R630.00 inc. VAT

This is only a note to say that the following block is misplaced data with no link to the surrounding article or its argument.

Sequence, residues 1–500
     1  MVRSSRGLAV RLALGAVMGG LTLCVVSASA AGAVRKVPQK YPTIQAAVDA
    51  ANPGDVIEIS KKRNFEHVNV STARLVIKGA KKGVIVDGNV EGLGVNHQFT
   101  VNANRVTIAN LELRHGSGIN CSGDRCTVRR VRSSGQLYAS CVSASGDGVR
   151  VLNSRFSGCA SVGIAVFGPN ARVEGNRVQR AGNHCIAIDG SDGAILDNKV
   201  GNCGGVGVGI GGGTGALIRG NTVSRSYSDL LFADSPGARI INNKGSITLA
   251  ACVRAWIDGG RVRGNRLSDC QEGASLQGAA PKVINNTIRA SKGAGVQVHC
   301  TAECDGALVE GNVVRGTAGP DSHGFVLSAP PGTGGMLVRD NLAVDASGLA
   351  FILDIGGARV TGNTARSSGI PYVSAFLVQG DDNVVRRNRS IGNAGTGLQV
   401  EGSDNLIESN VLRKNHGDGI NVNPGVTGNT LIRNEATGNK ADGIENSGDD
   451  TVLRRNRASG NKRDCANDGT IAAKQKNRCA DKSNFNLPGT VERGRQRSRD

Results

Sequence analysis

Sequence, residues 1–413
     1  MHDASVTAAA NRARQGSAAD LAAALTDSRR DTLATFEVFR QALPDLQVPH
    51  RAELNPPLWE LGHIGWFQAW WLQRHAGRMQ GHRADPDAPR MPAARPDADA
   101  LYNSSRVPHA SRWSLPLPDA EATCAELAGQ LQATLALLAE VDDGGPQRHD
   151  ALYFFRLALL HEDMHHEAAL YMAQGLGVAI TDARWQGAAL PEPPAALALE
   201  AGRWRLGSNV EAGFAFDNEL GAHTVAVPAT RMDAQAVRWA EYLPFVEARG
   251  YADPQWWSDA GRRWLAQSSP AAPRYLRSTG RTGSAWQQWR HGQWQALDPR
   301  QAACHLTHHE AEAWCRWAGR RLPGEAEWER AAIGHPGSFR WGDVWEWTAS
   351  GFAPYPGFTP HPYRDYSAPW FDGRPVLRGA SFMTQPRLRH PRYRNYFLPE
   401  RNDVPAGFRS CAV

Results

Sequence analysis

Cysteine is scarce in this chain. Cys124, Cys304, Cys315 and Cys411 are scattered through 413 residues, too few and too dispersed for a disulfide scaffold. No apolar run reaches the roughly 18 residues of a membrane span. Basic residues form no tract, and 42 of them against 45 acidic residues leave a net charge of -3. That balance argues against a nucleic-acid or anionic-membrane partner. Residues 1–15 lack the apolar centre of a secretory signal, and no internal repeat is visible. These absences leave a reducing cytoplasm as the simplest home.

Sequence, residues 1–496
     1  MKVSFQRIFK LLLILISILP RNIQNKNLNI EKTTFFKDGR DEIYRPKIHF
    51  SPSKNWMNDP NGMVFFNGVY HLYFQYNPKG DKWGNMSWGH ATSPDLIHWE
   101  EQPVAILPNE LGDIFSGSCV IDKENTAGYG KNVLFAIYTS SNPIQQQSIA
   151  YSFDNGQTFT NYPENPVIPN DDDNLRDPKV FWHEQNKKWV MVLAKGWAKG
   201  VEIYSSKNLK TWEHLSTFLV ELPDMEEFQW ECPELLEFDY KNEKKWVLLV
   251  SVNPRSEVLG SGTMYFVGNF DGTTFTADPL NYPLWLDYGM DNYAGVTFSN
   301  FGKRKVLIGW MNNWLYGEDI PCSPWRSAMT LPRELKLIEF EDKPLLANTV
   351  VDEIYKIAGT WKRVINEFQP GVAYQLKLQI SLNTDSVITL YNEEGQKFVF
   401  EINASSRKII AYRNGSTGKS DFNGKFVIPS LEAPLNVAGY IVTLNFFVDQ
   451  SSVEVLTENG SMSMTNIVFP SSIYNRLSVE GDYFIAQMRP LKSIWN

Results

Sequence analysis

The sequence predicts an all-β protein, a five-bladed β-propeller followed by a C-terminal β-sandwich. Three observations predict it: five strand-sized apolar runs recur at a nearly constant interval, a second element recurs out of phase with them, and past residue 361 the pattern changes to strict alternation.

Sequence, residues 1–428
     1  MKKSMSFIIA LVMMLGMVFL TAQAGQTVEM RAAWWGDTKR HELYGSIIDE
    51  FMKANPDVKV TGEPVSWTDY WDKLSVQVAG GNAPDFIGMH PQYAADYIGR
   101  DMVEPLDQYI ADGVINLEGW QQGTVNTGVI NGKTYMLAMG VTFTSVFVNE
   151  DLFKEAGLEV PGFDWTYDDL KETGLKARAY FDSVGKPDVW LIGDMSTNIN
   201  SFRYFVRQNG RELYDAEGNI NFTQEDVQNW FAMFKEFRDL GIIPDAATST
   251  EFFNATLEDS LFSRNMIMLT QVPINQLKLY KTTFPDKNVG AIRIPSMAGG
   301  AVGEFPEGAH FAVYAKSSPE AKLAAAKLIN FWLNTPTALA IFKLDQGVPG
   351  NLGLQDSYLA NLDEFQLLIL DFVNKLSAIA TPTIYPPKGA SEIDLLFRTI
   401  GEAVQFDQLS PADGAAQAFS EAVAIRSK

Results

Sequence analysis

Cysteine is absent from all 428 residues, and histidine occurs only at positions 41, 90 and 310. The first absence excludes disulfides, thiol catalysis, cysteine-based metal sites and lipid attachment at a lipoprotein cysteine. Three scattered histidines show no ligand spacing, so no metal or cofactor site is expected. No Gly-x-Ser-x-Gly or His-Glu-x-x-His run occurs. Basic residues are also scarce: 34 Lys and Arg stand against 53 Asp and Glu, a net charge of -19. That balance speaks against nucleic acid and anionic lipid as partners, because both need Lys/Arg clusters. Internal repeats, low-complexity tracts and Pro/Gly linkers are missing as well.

“The wine is named after my chance meeting with a little boy called William on the Witzenberg mountains. It’s been a fascinating story from the start, but became even more bizarre at the end of last year, with another chance meeting. Little William reloaded! In January 2016, I was driving back from a tiny little vineyard in the Koue Bokkeveld (Ceres Plateau). Cruising along at the 100km/h speed limit, I came to a very winding stretch of road leading towards the Witzenberg pass. Suddenly, for a split second, I thought I saw something in the middle of the road. I had just come through a super sharp bend and had to jump on the brakes with both feet. When I finally got my 470 000-km-on-the-clock Toyota to stop, there, on the white line in the middle of the road, stood a little blonde boy. I guessed him around a year and a half old. He was in his nappies and had a white T-shirt on, perfectly camouflaged on the white line. Unsure of what to do once I’d taken him out of the road, I thought it a good plan to prompt him and see which direction he takes off in (with myself of course right behind). About 200 meters further along the road he (we) crossed a little bridge heading towards the other side of the canal. He turned up a dirt road which led to a farmhouse about 300 meters up a hill. Keeping up to his snail-like pace, we arrived at the house more or less 10 minutes later (in my experience with farm dogs, it wouldn’t have been wise to carry him). When the gardener saw us approaching, he called out to a woman at the house and judging by her reaction, she must’ve been his mom and he must’ve been missing for a while. It was a bit of an emotional and chaotic environment so, knowing he was safe, I just turned around and left without introducing myself. So each time I present a tasting with Little William wine as part of the line-up, I get the same question: “Why is it called, Little William?”, followed almost without fail by: “What does the family have to say about you calling a wine, Little William?” My answer is always the same: “I never went back, they don’t even know the wine exists. But I am convinced there will be this one day where I’d be sitting at some local bar in Knysna, drinking a beer all by myself when the young guy next to me turns to me and introduces himself as William from Ceres.” And I’ll be able to tell him: “Eendag, lank, lank gelede het hierdie oom jou lewe gered!” For 4 years I had the privilege of telling the story of little William. Until last year. When Chapter 2 happened. In November, we took our youngest son for a minor operation at Panorama Mediclinic, Tygerberg, Cape Town. The lady at reception looked at us with a puzzled look on her face. We later learnt that there had been a mistake on the paperwork and they were under the impression that he was an adult. They had subsequently booked him into an adult ward. The man next to him had drunk a cup of coffee at 6:00am that morning with milk in. His operation therefore had to be postponed and he obviously missed his theatre time slot. He had to wait almost the whole day for the next slot. He and Sebastian eventually left for the theatre at more or less the same time. I went to get us a cup of coffee, and as she always does, Aneen started making conversation with the milk-in-the-coffee guy’s wife. On my return Aneen said: ”They are from Ceres, tell her the little William story.” I cringed, thinking: “Why would I do that??” I tried to let her comment slide and filled the awkward silence with useless words. We carried on with the small talk and she ended up telling us that she is a vet and her husband is a farmer. “Where do you farm in Ceres?”, I asked. “In the Witzenberg mountains, on a farm called Blah-blah-blah”, she answered. And, as you’ve probably guessed by now, that was the name of the farm where I dropped little William that morning. It started dawning on me that it might be my Knysna-bar-thing moment happening in a totally bizarre, different way. “Do you have a son called William?” I asked. “No”, she replied, “but my nephew is called William and they live on the same farm, in the house next to the road.” We did the sums and he would’ve been exactly 1 and a half years at the time. So it turns out it wasn’t a beer-in-hand pub in Knysna, but a coffee-in-hand hospital in Cape Town. I should’ve listened to Aneen right from the start… so I told her the whole story and she phoned her sister-in-law. “Did you ever lose William on the farm?” she asked (I don’t think that’s the type of story you volunteer to tell your extended family if not prompted). “Yes”, she said. “There was this one day…” PS: This incident made me think about everyone’s life stories. I’m convinced that these kind of things happen to everyone. The difference is that I just happened to call a wine Little William, and I have a reason to re-tell this story. If I didn’t, I would’ve possibly only re-told the story once or twice, but I can imagine how the finer details could’ve gotten lost between profit margins and VAT. I have a responsibility to convey the story in an honest and factual way. You know how easily a story gets blurry. So each time I drive the road, I recheck my facts: Where exactly did William stand? Distances? The name of the farm? The story then became part of our story. And that day when the lady mentioned Ceres, the first thing Aneen thought about was the boy in the road.” Winemaker’s notes